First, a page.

Friday, February 10, 2006


When anyone comes up with talk about missing links, all I know for sure is that the person who brings up such an idea is so far off the mark as to be without merit when it comes to discussing evolution with him. The following passages are yet another place where Dawkins lays out the problems of trying to come up with moments in the gradual evolution by natural selection where one species becomes another. Once one grasps the immensity of time of the process, everything else becomes clearer. If we only understand this little much, so much more about evolution becomes clear. REMEMBER that Dawkins set his book, from which the following chart and text come, to start from the present and to move backward in time to where each of the links rejoins the main branch. That why the graph reads as it does.

[Open quote] Lancelets are live creatures, our exact contemporaries. They are modern animals who have had exactly the same time as we have in which to evolve. Another telltale phrase is 'a side branch, off the main line of evolution'. All living animals are side branches. No line of evolution is more 'main' than any other, except with the conceit of hindsight.

Modern animals like lancelets, then, should never be revered as ancestors, nor patronised as 'lower' nor, for that matter, flattered as 'higher' slightly more surprisingly—and here we come to the second main point of the Lancelet's Tale—it is probably in general safest to say the same of fossils. It is theoretically conceivable that a particular fossil really is the direct ancestor of some modern animal. But it is statistically unlikely, because the tree of evolution is not a Christmas tree or a Lombardy poplar, but a densely branched thicket or bush. The fossil you are looking at probably isn't your ancestor, but it may help you to understand the kind of intermediate stage your real ancestors went through, at least in respect of some particular bit of the body, such as the ear, or the pelvis. A fossil, therefore, has something like the same status as a modern animal. Both can be used to illuminate our guesses about some ancestral stage. Under normal circumstances, neither should be treated as though it really is ancestral. Fossils as well as living creatures are usually best treated as cousins, not ancestors.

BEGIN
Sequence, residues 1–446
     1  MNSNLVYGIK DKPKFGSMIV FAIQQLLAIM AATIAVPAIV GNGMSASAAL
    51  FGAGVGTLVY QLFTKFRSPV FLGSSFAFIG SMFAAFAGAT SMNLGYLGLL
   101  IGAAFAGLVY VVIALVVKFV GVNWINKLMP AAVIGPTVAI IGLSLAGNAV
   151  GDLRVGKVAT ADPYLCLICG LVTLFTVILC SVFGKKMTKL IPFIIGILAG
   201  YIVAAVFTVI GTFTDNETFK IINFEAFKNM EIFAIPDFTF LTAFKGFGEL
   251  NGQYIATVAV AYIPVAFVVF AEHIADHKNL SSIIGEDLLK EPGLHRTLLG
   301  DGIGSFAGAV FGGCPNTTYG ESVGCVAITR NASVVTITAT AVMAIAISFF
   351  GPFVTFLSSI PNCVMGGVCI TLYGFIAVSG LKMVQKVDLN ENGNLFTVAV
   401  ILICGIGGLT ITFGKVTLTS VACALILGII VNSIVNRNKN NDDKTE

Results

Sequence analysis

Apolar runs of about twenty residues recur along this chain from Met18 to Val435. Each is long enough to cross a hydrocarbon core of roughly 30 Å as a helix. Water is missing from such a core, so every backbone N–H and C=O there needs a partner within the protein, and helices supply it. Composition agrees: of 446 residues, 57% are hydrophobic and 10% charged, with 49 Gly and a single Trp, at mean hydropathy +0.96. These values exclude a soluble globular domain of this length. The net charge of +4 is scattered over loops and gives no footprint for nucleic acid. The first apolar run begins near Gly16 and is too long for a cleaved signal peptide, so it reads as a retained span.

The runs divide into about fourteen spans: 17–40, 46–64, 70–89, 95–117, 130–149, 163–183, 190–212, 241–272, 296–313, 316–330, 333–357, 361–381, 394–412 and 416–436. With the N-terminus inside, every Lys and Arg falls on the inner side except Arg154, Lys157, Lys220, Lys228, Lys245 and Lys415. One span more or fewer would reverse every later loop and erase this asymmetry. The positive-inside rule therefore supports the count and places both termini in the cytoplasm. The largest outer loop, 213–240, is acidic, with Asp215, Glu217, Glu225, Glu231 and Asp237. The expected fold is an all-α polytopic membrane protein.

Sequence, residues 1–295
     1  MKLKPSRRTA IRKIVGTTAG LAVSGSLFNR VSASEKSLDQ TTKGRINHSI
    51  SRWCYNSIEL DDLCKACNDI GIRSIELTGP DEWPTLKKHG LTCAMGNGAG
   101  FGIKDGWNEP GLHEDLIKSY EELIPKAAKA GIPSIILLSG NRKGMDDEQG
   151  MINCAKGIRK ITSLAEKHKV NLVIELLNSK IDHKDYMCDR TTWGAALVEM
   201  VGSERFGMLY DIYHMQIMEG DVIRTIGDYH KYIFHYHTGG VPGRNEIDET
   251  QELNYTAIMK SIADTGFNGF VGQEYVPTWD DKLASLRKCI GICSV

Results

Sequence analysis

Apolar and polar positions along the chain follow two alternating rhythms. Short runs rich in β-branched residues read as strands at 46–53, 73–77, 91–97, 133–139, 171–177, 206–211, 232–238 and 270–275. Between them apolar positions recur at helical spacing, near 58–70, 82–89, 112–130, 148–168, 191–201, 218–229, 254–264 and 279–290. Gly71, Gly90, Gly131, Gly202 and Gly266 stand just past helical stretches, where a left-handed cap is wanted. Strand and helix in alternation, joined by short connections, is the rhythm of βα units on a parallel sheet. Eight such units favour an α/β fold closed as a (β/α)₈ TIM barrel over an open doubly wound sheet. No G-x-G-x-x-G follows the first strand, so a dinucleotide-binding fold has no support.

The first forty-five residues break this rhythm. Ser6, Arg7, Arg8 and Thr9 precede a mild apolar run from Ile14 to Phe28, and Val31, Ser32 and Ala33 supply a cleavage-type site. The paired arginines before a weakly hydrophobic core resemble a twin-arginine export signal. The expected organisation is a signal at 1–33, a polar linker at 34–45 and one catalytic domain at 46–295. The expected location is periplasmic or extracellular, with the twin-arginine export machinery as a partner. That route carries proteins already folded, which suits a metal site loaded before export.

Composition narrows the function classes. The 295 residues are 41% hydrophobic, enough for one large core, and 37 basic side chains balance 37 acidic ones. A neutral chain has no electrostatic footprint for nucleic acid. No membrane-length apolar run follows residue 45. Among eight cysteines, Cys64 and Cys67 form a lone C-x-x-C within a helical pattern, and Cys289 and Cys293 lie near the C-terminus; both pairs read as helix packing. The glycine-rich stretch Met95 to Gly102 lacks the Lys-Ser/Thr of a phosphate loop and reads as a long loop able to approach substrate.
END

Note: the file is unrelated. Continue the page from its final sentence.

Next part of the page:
Members of the cladistic school of taxonomists can become positively evangelical about this, proclaiming the non-specialness of fossils with the zeal of a puritan or a Spanish inquisitor. Some go right over the top. They take the sensible statement, 'It is unlikely that any particular fossil is an ancestor of any surviving species,' and interpret it to mean 'There never were any ancestors!' Obviously this book stops short of such an absurdity. At every single moment in history there must have been at least one human ancestor (contemporary with, or identical to, at least one elephant ancestor, swift ancestor, octopus ancestor, etc.), even if any particular fossil almost certainly isn't it.

The upshot is that, on our backward journey towards the past, the Concestors we have been meeting have not, in general, been particular fossils. The best we can normally hope for is to put together a list of attributes that the ancestor probably had. We have no fossil of the common ancestor we share with the chimpanzees, even though that was less than 10 million years ago. But we were able to guess, with misgivings, that the ancestor was most likely to have been, in Darwin's famous words, a hairy quadruped, because we are the only ape that walks on its hind legs and has bare skin. Fossils can help us with our inferences, but mostly in the same kind of indirect way that living animals help us.

The moral of the Lancelet's Tale is that it is vastly harder to find an ancestor than a cousin. If you want to know what your ancestors looked like 100 million years ago, or 500 million years ago, it is no use reaching down to the appropriate depth in the rocks and hoping to come up with a fossil labeled 'Ancestor', as if from some Mesozoic or Paleozoic bran tub. The most we can normally hope for is a series of fossils that, Some with respect to one part, others with respect to another part, represent the kind of thing the ancestors probably looked like. Perhaps this fossil tells us something about our ancestors' teeth, while that fossil a few million years later gives us an inkling about our ancestors' arms. Any particular fossil is almost certainly not our ancestor but, with luck, some parts of it may resemble the corresponding parts of the ancestor just as, today, the shoulder-blade of a leopard is a reasonable approximation to the shoulder-blade of a puma. [Close quote.] —Richard Dawkins, THE ANCESTOR'S TALE, pp. 365-366

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